48 WHY DOES THE EPA GET INVOLVED? 4 acts that influence winery operations Water pollution control act, Clean air act, Resource conservation and recovery act and Federal Insecticide, Fungicide and Rodenticide act (FIFRA) FIFRA deals with pesticides Sanitation aids are classes as pesticides due to their antimicrobial nature Cleaners do have anti-microbial activity, but that is not their main function
49 Food grade! HEAT Penetrates well, kills most microorganisms, penetrates irregular surfaces, suitable for CIP and relatively inexpensive (once set-up), non-toxic Bake on residues (leading to biofilm formation), may form scale, inappropriate for general use, scalding hazard, contact time sensitive, must be generated (energy intensive process) TEMPERATURE ( F/C) TIME (MINUTES) 200/ / / /60 60
50 CHEMICAL LABELS Product must be used in accordance with approval
51 CHOOSING SANITIZERS TYPE OF SANITIZER Iodine QUAT S ADVANTAGES Broad spectrum Effective at low temp Inexpensive Does not leave film Test strips available Non-corrosive Residual activity (if not rinsed) Can be applied as a foam Test strips available DISADVATAGES May corrode metal and weaken rubber Unstable, dissipates quickly Narrow ph range (acidify) Sensitive to organic load Stains Irritant Inactivated by most detergents Inactivated by hard water Not broad spectrum Effectiveness varies with formulation Ozone Strong oxidizer Broad spectrum Breakdown products friendly Expensive and must be generated Unstable and cannot be stored May corrode some materials Inactivated by organic materials
52 CHOOSING SANITIZERS TYPE OF SANITIZER CHLORINE DIOXIDE PEROXY COMPOUNDS SULFUR DIOXIDE ADVANTAGES Broad spectrum Strong oxidizer Less corrosive than Cl Less effected by organic residue Generate on site from packets No free Cl ion (TCA) Broad spectrum Good for (bacterial) biofilms Stable Effective at low temperature Breakdown Inexpensive Fairly effective DISADVANTAGES Unstable and cannot be stored Worker safety issues via generation High generator costs Expensive Inactivated by some metals May corrode some metals Product?? Irritant Registered for use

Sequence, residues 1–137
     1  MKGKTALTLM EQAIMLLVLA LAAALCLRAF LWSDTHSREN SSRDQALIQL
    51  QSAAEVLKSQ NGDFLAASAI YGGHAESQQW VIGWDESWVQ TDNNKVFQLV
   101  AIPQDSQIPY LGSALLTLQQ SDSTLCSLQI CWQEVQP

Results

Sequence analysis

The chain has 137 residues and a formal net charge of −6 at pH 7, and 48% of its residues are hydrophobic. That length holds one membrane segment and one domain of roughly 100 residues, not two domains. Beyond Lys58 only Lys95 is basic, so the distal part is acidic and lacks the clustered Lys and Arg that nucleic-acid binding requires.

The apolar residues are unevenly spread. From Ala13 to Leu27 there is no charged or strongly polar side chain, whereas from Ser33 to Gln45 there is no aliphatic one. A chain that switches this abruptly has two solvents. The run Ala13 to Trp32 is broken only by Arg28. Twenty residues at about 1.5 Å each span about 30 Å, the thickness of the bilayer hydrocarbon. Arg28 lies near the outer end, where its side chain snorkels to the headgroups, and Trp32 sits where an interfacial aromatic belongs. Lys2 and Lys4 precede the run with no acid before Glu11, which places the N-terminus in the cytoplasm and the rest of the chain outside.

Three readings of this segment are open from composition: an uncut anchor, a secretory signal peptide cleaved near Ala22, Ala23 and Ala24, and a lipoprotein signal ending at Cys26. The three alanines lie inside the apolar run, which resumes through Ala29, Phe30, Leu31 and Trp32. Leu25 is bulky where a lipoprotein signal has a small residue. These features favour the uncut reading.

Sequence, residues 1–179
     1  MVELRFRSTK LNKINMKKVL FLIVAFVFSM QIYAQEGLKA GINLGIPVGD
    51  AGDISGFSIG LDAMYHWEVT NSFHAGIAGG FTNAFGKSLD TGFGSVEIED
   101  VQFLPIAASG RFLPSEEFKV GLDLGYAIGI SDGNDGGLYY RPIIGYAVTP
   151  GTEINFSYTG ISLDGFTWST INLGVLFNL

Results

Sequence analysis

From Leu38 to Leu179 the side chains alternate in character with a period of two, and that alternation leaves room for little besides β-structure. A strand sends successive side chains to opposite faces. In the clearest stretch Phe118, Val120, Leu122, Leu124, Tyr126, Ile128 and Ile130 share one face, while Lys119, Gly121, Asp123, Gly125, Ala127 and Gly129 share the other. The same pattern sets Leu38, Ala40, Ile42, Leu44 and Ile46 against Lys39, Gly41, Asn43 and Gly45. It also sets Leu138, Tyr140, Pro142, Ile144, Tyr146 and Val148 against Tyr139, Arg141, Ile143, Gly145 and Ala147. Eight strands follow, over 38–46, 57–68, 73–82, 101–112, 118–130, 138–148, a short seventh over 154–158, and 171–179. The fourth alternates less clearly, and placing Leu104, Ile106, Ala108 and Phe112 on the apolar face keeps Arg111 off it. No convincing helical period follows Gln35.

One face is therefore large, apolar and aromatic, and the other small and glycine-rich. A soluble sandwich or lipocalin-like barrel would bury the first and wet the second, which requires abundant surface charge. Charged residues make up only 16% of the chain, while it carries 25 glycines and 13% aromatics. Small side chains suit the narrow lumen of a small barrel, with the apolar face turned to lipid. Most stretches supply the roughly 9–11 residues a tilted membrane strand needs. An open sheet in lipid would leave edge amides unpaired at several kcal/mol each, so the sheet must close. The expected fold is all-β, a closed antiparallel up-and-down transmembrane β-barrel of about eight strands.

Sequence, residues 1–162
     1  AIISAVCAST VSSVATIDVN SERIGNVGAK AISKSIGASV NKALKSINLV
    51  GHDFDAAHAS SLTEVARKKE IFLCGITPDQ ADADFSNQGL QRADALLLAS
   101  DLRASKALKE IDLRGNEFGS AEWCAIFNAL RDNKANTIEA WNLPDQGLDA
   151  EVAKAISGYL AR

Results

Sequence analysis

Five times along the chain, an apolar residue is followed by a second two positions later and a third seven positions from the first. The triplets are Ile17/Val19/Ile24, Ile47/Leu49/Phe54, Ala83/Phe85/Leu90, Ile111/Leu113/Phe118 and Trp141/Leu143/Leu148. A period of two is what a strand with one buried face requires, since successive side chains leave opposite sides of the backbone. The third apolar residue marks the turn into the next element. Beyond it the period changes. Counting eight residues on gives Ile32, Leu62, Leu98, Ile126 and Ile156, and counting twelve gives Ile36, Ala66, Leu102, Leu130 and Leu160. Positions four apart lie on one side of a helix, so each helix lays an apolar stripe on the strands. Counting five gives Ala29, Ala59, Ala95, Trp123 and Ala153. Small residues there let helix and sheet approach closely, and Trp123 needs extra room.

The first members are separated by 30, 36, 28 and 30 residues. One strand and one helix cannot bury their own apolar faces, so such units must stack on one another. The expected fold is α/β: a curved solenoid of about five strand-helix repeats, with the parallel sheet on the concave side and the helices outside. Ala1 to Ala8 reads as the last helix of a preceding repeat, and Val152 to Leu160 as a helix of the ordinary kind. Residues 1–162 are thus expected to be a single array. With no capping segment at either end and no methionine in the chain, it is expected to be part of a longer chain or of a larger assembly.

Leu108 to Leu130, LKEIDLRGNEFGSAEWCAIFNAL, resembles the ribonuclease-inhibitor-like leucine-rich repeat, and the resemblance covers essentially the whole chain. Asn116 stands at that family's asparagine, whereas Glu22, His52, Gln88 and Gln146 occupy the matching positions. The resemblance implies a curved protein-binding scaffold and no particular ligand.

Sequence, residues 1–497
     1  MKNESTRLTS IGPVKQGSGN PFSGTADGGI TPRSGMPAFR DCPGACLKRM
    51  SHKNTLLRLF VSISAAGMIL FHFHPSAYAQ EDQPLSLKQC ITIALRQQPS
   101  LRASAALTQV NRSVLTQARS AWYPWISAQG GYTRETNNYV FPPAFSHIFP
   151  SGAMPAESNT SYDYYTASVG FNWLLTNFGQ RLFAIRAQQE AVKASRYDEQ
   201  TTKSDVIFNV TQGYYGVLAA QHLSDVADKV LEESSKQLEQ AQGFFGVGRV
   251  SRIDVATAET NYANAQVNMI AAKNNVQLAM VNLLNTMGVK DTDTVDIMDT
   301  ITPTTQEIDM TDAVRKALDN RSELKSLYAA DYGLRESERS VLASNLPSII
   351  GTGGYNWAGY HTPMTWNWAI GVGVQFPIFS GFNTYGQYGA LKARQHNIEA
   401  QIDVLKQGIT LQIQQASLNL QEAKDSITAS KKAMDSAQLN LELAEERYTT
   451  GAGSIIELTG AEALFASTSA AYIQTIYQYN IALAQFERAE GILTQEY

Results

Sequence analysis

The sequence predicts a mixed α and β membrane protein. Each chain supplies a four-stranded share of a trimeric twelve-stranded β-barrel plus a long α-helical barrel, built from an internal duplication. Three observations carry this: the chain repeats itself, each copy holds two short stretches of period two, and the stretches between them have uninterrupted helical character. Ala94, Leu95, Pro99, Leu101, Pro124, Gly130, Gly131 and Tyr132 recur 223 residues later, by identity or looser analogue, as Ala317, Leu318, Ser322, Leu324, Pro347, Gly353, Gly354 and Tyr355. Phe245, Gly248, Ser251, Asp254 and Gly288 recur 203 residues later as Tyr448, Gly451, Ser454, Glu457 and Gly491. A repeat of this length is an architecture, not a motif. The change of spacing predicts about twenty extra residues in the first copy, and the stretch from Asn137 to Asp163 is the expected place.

53 PRACTICES AND PROCEDURES
54 DEVELOPING PROCEDURES Set up a schedule Assign tasks Procedure When C&S should be conducted What C&S chemicals are to be used How the solutions should be prepared How are they applied What is the correct sequence of use By whom MONITOR & DOCUMENT!
55 EXAMPLE- SSOP Wearing proper PPE Measure out X gallons of X F potable water into clean non-reactive container Measure out X ounces of X brand cleaning solution Carefully mix to ensure homogenous solution Check concentration is within range (state range)
56 EXAMPLE- SSOP
57 OVERVIEW Keep abreast of your wines Know their chemistry and have baselines Know the risks associated with the different organisms Exploit their weaknesses! Have procedures and protocols Follow WATCH rules Use winery specific chemicals for wine based soils and winery equipment
Types of Sanitizers Heat, w/ water or steam to saturate effect Very effective anti-microbial, except some encysted forms Exposure time critical Non-corrosive, but energy intensive Chemical Effectiveness